How did it all begin?
I had the standard training in classical technique at the Academy, but this was, for me, a constraint, and I soon began to take every opportunity to sketch from everyday life. The formal instruction at the academy just wasn´t right for me. It was too hierarchical. So I broke off my studies and went my own way.
What's the chief source of your ideas?
Well, there is no one source. I might seem a little chaotic to you, but here's how it works. Basically, I more-or-less immerse myself in a theme.
For example, if the issue is politics, I go to museums for the cultural and historical background, attend party conventions, go to local meetings and demonstrations, leaf through dozens of newspapers and magazines, and maybe most important, just circulate among average voters. By the way, please don't get the idea that I walk around with my sketchpad and pencils. It's too intrusive. I pretty much rely on my memory banks, then I make the initial drawings at home.
Then what? How do you work? What kinds of materials do you need?
I lock myself in, sort of, and get ready for a real siege. One has to achieve a certain mental focus for this kind of work. First off, I make a pencil sketch, then I develop it, so to speak, by projecting it from a light table, and drawing an enhanced version from the original, this time in India Ink. I also use an ink that is called "Encre de Chine" here in Europe...it's hard to find in the USA. As for colors, I use watercolors, colored inks, and (special) colored pencils. I try to cover up the mistakes with a gouache. But with watercolors, it isn't easy to cover up errors. Now here's the key: PAPER. It's crucial to get the right kind. If the paper is too soft, the pen gets stuck. And you've got to find paper that will accept both pen-and-ink and transparent watercolors. I've spent days searching for the right paper.
It seems like these materials are mostly for the cartoons. What about the full-size paintings?
That's rather different: I paint on both canvas and paper. I use pen-and-ink, paintbrush, and any color medium you can name, watercolors, acrylic, oils, colored pencils. Also things you find in craft stores, like rubber stamps, glue-on stars, the gold liquid one squeezes out of a tube. Then come the found objects. There's really no limit here. I use feathers, bandages, measuring tape, scrap wood, grass, dishrags, toilet paper (unused), you name it.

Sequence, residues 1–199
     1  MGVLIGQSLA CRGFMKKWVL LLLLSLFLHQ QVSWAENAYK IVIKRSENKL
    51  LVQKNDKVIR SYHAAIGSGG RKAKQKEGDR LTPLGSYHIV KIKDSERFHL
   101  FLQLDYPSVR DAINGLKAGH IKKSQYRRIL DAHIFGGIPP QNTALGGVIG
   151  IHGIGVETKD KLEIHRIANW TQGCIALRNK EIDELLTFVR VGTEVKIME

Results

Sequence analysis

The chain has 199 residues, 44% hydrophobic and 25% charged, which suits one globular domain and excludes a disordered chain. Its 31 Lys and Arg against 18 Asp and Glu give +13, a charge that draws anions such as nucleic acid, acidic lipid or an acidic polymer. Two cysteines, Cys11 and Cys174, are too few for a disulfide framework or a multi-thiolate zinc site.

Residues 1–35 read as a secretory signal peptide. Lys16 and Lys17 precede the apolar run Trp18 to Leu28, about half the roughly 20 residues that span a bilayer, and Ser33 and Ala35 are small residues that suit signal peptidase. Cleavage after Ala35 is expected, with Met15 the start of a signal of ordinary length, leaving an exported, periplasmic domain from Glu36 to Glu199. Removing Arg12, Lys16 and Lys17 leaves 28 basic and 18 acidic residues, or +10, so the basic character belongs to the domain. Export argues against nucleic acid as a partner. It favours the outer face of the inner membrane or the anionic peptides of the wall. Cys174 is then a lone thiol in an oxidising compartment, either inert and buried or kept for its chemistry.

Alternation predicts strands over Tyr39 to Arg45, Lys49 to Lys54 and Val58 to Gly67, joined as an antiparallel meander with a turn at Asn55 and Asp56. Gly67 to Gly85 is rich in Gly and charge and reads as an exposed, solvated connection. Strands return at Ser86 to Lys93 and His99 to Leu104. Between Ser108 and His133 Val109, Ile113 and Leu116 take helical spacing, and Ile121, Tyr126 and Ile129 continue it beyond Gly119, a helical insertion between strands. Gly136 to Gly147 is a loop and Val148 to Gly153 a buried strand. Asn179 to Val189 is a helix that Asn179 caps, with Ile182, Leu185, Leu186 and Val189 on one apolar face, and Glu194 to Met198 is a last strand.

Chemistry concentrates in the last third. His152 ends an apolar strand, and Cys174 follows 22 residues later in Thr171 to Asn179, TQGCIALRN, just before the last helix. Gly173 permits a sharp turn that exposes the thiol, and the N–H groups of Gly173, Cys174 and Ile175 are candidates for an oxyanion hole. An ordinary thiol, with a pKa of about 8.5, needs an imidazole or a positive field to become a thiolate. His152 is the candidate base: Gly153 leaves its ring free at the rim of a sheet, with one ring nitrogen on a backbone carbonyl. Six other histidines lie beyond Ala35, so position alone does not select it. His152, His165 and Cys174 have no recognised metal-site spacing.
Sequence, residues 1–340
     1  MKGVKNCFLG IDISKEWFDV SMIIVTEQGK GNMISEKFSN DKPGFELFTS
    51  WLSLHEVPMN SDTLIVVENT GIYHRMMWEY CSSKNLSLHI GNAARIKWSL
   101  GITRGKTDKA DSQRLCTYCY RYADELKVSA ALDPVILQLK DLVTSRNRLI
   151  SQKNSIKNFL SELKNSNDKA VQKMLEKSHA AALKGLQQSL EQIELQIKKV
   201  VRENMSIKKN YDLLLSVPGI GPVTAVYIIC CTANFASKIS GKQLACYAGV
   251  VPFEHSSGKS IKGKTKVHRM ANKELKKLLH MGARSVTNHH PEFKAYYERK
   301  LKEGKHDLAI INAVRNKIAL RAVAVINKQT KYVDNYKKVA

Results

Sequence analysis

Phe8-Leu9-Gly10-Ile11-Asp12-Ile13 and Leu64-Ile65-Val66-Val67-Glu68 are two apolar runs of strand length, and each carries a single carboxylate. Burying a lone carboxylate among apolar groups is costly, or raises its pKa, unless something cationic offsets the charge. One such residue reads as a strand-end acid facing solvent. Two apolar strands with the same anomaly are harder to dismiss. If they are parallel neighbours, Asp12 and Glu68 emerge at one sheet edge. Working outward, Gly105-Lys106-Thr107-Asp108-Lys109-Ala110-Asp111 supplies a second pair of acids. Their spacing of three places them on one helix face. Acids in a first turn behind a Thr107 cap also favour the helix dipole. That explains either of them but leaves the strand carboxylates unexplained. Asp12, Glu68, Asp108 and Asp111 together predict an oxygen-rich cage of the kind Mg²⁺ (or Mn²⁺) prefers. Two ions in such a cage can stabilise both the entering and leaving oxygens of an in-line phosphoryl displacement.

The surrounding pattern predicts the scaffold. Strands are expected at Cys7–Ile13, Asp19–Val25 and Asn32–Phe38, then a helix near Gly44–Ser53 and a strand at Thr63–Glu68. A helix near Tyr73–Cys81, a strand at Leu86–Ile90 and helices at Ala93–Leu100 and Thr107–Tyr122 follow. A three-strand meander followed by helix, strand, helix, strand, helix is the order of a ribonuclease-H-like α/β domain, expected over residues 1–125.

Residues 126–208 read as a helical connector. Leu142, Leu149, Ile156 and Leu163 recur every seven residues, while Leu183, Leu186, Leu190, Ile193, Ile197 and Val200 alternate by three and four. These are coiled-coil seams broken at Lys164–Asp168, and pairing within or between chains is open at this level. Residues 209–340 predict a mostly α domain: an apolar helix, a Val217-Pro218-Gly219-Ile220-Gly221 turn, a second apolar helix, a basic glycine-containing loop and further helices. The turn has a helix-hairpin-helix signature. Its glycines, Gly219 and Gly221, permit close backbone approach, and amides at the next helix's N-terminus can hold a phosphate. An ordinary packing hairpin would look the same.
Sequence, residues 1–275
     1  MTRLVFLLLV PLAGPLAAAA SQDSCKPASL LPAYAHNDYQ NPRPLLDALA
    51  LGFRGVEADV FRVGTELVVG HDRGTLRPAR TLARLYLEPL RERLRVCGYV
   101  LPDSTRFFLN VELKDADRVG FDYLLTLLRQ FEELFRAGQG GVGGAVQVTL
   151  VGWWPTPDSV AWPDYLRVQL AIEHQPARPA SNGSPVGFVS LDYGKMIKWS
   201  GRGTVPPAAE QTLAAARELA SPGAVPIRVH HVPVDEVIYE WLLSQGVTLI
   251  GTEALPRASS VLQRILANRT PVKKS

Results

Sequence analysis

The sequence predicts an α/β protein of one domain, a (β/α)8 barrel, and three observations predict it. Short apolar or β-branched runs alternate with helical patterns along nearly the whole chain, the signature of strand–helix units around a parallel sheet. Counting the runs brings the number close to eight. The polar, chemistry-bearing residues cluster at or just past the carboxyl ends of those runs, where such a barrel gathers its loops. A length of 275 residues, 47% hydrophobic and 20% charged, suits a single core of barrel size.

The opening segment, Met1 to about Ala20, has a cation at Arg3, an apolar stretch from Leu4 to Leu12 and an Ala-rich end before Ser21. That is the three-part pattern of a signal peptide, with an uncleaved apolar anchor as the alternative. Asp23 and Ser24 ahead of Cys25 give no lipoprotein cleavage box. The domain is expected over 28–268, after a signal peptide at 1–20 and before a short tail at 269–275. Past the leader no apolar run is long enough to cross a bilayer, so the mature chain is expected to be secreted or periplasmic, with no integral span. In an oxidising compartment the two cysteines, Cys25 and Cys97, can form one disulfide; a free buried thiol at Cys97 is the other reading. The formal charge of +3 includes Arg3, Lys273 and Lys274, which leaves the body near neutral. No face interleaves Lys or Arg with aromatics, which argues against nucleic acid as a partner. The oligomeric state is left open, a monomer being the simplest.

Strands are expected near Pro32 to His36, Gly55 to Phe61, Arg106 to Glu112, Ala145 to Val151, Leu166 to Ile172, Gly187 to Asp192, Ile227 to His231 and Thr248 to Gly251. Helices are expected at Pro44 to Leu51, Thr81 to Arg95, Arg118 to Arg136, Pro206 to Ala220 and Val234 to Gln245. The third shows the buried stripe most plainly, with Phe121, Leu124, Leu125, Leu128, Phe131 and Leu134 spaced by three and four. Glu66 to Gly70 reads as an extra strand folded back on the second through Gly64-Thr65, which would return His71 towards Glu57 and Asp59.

Back to the comics for a minute. How long, on average, does it take you to complete a comic strip?
That depends. I'd say from three to five weeks. It's a question of preparation, and above all, the complexity of the theme. And accidents will happen, so you have to clean these up and correct errors. The preparation, getting in the mood, assembling the information, checking accuracy, that's the real time-eater. Years ago, I used to pull all-nighters on these, but I've given up on that.
After being in your profession for thirty years, how does it feel when you look at your earlier work?
Frankly, I prefer not to on a regular basis because I think it might stifle innovation. But I have to admit, it's nice to walk into a gallery or a museum and see something I did years ago. You stand back and gaze at it hanging on the blank wall, and see it with greater objectivity and perspective. And, let's face it, it makes me feel good.
The computer. There's a laptop on your work table. Do you use one to draw?
No; I haven't even considered it yet. The nature of my work is highly tactile, and I don't think computers are at this point compatible. Let me give you a few examples; Paper makes noises, different pens sound differently, oils and acrylics smell different. A lot of the sensory input one needs would be lost with a computer. By the way, I'm asked to give lectures fairly often, and in giving these I use an overhead projector where I can draw directly on the lens. I don't know of any current technology which preserves tactile stimuli in this way. Maybe someday, but not now.
Any advice for budding cartoonists? What are the basic requirements?
A little talent always helps. Also, curiosity. Dedication and perseverance. And PRACTICE-PRACTICE-PRACTICE. I'd strongly recommend life classes. You really have to learn how the human body moves. Be open to, and seek out, criticism: Don't take it too personally (many women fall into this trap). Learn to appreciate the grotesque and the exaggerated. Keep your eyes open for people and situations. Cultivate the art of observation. Establish dialog with your subjects, don't be passive. Learn to appreciate and to employ black humor.
What else? Find yourself a good agent, if you can, and if possible, select wealthy parents.